According to a new survey, a staggering 90% of men believe that their partners are natural beauties with less than a third of women believing this to be the case.
One quarter of women surveyed confessed to having at least one beauty secret, while 23% confided that nobody (even their friends) really knows the extent of their beautifying.
Top of the confidential list is waxing or bleaching their moustache, with 27% admitting that this would be the worst beauty secret their partner could discover.
Other list toppers are the fear of partners discovering underarm hair (35%), stubbly legs (23%) and grey roots (12%).
As well as helping women to cover up these beauty faux-pas’ and look their personal best, the research reveals that beauty secrets could in fact be healthy for relationships.
Of the British men polled, 87% said that they don’t mind if their partner keeps some of her beauty rituals hidden, a view supported by women, with 70% who keep a beauty secret from their partner believing it to be key to a good relationship.
Psychologist and psychotherapist Rachel Shattock Dawson said: “In an age where very little remains taboo, many women still prefer to keep some things private, believing that there’s a place for a little mystery and mystique even within their closest relationships.
“Knowing your hair looks great and that you look your natural best clearly pays great dividends in confidence and self-esteem.
“However, some of our beauty rituals aren’t the most romantic sights to witness. Some women prefer to keep these activities behind closed doors to keep the romance alive and to appear more naturally sexy and attractive to their partners.”
A staggering 90 percent of men believe that their partners are natural beauties
The research, conducted by leading home hair color brand nice ‘n easy, uncovers further fascinating insights into women’s motivations for all this hard work, pointing to the fact that women want to look good to feel good for themselves.
For some, it’s simply a case of achieving the look they think suits them best; 37% of women for example state that their hair color is the color they were born to have, not born with (a view supported by 45% of blondes).
Yet, beautifying appears to be a huge self-esteem boost too, as three quarters believe that they are much more confident when they have completed their beauty regime and 61% say that that they feel like a new person.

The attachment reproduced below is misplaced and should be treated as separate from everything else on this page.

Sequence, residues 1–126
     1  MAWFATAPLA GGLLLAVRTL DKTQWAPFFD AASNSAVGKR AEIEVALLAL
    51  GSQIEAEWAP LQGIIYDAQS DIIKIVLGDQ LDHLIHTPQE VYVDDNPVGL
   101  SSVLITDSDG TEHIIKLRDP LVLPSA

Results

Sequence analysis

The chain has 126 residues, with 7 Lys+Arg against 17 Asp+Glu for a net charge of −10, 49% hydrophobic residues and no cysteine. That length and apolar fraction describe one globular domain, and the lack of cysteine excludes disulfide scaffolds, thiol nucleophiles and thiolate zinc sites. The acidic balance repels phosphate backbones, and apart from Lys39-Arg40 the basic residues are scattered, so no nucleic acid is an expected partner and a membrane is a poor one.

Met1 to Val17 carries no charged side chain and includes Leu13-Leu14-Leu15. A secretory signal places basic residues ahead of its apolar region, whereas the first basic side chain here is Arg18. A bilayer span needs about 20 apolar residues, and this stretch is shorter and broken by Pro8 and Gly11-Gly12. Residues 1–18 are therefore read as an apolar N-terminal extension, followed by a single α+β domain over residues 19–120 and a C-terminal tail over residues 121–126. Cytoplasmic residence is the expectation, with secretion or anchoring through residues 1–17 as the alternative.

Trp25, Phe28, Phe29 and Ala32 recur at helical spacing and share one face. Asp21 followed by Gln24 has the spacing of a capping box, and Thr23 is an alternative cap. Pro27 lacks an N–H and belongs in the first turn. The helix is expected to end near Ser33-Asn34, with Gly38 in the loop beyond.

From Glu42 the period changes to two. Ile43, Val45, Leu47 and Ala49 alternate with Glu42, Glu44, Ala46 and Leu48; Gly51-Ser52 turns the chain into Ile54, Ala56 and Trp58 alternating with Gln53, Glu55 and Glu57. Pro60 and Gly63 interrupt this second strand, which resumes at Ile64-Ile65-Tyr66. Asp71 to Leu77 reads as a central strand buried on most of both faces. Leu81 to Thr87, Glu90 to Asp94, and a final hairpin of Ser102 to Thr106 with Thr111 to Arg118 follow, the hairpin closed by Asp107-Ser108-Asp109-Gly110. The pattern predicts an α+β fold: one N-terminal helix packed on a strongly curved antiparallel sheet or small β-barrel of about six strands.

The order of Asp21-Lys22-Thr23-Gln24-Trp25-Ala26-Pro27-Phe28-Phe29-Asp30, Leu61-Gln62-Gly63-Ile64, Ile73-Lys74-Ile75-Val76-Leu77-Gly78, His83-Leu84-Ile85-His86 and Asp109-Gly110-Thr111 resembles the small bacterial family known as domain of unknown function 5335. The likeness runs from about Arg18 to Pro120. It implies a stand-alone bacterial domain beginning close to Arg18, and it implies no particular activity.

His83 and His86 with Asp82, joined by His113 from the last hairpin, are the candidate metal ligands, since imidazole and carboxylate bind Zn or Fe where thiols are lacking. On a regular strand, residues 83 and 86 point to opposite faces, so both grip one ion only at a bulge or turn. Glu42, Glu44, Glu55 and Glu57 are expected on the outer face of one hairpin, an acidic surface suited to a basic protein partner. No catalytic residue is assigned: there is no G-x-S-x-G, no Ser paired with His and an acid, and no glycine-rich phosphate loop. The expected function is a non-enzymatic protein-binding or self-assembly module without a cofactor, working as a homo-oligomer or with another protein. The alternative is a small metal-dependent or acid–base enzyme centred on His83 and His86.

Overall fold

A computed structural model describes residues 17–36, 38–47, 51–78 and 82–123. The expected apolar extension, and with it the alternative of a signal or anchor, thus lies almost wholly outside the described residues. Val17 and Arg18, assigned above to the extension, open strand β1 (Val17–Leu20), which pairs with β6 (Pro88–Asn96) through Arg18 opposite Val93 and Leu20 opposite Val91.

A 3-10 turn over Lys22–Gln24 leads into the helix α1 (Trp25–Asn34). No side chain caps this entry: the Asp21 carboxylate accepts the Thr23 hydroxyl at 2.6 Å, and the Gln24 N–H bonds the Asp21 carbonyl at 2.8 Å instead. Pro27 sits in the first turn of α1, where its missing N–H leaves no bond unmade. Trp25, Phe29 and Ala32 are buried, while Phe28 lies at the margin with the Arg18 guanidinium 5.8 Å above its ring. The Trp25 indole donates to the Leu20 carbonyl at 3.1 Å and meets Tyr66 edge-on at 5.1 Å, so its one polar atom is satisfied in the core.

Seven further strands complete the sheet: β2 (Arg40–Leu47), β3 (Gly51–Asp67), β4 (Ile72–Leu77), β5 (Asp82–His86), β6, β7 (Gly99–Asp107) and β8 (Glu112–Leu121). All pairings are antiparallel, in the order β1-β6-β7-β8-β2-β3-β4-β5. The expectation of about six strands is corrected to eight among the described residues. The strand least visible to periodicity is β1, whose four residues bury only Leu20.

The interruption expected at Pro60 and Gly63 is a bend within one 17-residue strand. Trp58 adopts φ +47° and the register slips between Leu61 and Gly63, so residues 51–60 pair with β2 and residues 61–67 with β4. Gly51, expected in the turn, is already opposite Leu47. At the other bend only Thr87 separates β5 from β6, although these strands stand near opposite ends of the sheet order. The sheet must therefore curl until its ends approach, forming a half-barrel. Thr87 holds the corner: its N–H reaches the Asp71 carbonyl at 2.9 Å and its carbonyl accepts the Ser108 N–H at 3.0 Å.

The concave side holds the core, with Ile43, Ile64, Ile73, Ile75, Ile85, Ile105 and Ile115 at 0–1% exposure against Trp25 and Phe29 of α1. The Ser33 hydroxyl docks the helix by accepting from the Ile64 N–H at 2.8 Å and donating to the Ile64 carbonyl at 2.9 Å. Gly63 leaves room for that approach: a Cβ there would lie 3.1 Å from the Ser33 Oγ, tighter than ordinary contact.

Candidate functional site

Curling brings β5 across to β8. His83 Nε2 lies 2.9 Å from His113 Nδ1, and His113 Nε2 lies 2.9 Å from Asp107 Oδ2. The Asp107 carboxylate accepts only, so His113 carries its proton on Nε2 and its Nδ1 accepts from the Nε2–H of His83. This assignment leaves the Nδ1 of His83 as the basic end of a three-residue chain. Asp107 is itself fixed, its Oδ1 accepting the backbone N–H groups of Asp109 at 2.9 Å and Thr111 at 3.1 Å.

THE BEAUTY RITUALS WOMEN PREFER TO KEEP SECRET
• Waxing or bleaching moustache (94%)
• Waxing bikini line (90%)
• Whitening teeth (90%)
• Applying fake tan (79%)
• Plucking eyebrows (41%)
• Coloring hair (36%)
Scientists have developed a forensic test that can predict both the hair and eye color of a possible suspect using DNA left at a crime scene.
The team that developed the test says it could provide valuable leads in cases where perpetrators cannot be identified through DNA profiling.
The Hirisplex system could allow investigators to narrow down a large group of possible suspects.
Details appear in the journal Forensic Science International: Genetics.
Scientists have developed Hirisplex, a forensic test that can predict both the hair and eye color of a possible suspect using DNA left at a crime scene
Predicting phenotypes – outward traits such as hair color or eye color – from DNA information is an emerging field in forensics.
An important current approach, known as genetic profiling, involves comparing crime scene DNA with that from a suspect or with a profile stored in a database.
But this relies on the person either being among a pool of suspects identified by the police or having their profile in a DNA database.
Tools such as Hirisplex could be useful in those cases where the perpetrator is completely unknown to the authorities, said Prof. Manfred Kayser, who led the study.
He said the test “includes the 24 currently best eye and hair color predictive DNA markers. In its design we took care that the test can cope with the challenges of forensic DNA analysis such as low amounts of material.”
Prof. Manfred Kayser, from Erasmus University Medical Center in Rotterdam, the Netherlands, added: “The test is very sensitive and produces complete results on even smaller DNA amounts than usually used for forensic DNA profiling.”
He said the journal article described everything needed to establish the test in a forensic lab, but that the team was also in touch with industry regarding their knowledge about hair and eye color prediction.
The test system includes the six DNA markers previously used in a test for eye color known as Irisplex, combining them with predictive markers for hair.
In the study, the authors used Hirisplex to predict hair color phenotypes in a sample drawn from three European populations.
On average, their prediction accuracy was 69.5% for blonde hair, 78.5% for brown, 80% for red and 87.5% for black hair color.
Analysis on worldwide DNA samples suggested the results were similar regardless of a person’s geographic ancestry.
The team was also able to determine, with a prediction accuracy of about 86%, whether a brown-eyed, black haired person was of non-European versus European origin (excluding some nearby areas such as the Middle East).
The findings were also outlined at the sixth European Academy of Forensic Science conference in The Hague this week.